- Network policies include such things as security requirements for sharing data via nodes in the network, e.g. whether signatures are required, data deletion policies, and so on.
- A network can be part of only one community (so if you want your node to interface with other communities, you’ll need to set up and connect via a gateway node. Again, scroll back up to the diagram!).
So, what about network communities?
OK, if you’ve managed to read this far, you can read the specification document definition! It doesn’t really require paraphrasing:
“A network community is a collection of interconnected resource distribution networks. A community MAY contain one or more resource distribution networks. A resource network SHALL be a member of only one community. Gateway nodes provide the connectivity between resources networks within a network community and MAY provide connectivity between networks in different communities. NB: A gateway node that provides an intra-community network gateway is undifferentiated from one that provides an inter-community network gateway.”
The important thing to note about communities is that open communities, known as social communities, and closed communities are both supported.
These are fairly self-explanatory: social communities can connect to each other via gateway nodes to share data. Closed communities only allow sharing between nodes and networks within their own borders. At the moment, the Learning Registry project itself has both kinds. The Learning Registry is a social community, and The Learning Registry Testbed is a closed community for developers to work on the code and the specs.
NOTE: At the moment, we are thinking about setting up a node to be part of the Learning Registry Testbed closed community, but we are, as previously noted, currently only running a node that is not yet part of any network or community, and that we are making available for anyone to test publishing and accessing data with.
So that’s where we’re at! What next?
We’re taking advantage of our proximity to the Jorum repository of open educational resources at Mimas to start exploring data and paradata around Jorum’s stuff, and how these might interact with the Learning Registry to the eventual benefit of Jorum’s users. There will be a blog post soon on the Jorum team blog saying a bit more about that.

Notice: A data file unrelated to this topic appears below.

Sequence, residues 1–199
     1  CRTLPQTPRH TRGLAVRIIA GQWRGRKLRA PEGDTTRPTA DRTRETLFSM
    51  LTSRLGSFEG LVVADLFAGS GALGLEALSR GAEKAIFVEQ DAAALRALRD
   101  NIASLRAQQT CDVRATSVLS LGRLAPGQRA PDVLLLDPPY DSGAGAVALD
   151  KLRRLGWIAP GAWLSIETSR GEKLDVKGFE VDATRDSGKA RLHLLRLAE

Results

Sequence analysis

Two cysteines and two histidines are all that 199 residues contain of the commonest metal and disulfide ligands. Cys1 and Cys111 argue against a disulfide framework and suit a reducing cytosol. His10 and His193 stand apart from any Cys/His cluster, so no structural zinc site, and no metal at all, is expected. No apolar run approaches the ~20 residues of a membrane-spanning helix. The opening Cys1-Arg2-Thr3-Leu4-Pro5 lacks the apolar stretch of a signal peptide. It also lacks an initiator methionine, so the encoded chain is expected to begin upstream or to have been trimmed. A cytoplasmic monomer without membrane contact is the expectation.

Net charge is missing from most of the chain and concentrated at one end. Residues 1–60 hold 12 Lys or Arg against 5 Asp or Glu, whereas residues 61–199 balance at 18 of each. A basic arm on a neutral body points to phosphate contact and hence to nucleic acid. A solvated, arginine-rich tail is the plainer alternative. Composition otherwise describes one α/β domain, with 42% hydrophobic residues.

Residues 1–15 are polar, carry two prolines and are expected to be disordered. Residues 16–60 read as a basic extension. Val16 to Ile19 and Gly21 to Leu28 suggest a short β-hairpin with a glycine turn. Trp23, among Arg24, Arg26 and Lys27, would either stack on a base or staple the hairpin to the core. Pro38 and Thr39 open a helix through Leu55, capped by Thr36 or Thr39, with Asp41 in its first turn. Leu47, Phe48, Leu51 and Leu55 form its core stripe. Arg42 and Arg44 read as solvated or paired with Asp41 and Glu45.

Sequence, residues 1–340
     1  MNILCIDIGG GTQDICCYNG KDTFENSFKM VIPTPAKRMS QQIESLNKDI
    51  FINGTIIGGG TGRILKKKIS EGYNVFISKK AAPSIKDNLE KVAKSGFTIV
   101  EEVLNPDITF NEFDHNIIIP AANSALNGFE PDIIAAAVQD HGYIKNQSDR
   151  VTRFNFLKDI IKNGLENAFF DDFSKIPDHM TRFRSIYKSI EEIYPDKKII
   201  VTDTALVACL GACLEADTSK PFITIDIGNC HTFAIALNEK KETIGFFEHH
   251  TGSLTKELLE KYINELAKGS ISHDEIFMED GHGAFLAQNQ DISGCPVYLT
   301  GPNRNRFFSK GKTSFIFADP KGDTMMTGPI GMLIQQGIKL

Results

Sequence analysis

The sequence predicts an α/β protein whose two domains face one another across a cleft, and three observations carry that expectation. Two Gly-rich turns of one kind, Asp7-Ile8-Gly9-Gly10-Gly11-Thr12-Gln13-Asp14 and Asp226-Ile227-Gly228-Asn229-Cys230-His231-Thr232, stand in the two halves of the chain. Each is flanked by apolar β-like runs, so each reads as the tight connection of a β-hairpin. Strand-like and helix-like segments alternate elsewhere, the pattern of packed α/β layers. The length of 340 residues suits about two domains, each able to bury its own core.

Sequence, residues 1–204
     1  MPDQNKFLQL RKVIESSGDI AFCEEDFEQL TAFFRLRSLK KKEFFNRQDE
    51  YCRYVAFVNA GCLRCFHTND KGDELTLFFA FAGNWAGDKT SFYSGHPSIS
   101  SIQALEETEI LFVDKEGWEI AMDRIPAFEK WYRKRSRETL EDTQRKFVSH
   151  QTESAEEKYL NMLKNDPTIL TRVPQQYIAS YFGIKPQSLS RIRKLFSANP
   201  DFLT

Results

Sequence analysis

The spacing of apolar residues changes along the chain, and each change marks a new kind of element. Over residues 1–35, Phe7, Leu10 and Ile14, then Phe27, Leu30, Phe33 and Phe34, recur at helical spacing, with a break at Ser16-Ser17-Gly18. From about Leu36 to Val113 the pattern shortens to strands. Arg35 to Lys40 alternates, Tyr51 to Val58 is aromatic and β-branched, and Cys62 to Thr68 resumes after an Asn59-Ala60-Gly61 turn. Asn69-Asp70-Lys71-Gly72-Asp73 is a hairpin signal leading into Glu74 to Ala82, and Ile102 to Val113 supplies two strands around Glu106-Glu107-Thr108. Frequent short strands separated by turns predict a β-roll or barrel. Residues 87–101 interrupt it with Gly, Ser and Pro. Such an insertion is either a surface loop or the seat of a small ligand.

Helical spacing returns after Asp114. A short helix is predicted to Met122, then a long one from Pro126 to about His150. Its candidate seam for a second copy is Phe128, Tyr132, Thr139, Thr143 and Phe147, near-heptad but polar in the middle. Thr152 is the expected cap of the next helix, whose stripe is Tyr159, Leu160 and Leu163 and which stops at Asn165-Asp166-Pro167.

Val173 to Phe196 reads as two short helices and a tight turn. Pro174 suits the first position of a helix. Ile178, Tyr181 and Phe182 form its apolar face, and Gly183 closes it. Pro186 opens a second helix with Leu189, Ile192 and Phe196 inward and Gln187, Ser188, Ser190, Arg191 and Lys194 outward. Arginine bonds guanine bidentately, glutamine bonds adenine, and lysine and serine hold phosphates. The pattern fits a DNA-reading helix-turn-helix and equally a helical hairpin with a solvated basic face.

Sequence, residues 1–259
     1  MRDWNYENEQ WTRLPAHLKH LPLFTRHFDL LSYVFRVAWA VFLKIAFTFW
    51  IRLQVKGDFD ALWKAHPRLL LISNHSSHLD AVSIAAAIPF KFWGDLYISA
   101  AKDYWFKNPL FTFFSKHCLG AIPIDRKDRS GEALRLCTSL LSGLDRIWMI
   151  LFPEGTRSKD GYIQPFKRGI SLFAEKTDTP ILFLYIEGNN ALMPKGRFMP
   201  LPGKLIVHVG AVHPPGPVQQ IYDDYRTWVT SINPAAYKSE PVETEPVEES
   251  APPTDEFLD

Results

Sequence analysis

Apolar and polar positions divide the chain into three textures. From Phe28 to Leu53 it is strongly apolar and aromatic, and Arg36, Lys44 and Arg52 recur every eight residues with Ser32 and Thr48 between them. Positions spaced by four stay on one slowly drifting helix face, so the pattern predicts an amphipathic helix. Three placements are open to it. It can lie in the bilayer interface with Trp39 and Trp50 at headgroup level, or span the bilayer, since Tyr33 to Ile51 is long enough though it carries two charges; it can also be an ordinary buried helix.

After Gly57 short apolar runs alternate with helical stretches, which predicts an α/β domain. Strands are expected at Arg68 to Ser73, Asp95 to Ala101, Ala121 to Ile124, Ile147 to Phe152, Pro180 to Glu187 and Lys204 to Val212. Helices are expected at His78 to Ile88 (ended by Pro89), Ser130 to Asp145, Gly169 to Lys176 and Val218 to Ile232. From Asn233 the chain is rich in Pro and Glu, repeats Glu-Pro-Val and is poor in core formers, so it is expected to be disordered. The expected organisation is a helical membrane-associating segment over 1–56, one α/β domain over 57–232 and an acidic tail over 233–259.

We’re hosting a hackday in collaboration with JISC CETIS on Monday 23 January 2012, here at Mimas in Manchester. We’ve got ca 10 people coming from the UK education community, and we’re going to let them at our node to test out whatever folk want to test. We’ll also be brainstorming ideas for the future, use cases, and what the UK HE community wants from the JLeRN Experiment over the next few months. We’ll try to get a few folk tweeting from the event: follow and ask questions via hashtags #learningreg and #jlern And there will be a blog post or two reporting back.
Then we’re participating in another session with JISC CETIS at their conference in February where we hope to do a bit more talking about ideas and a bit more hacking and some finalising of requirements on the JLeRN Experiment. This session will include a broader view on the entire Learning Registry project as well. I think there are still places on this so book up if you want to come!
Watch this space, and please comment here on the blog if you have any questions, inputs, or indeed corrections to any misunderstandings on my part in the text above!
* NB: The Learning Registry specifications and software are all still very much experimental and under development. The JLeRN Experiment is running concurrently with Learning Registry developments worldwide. So everything is subject to change, improvement, and undiscovered bugs and issues at the moment.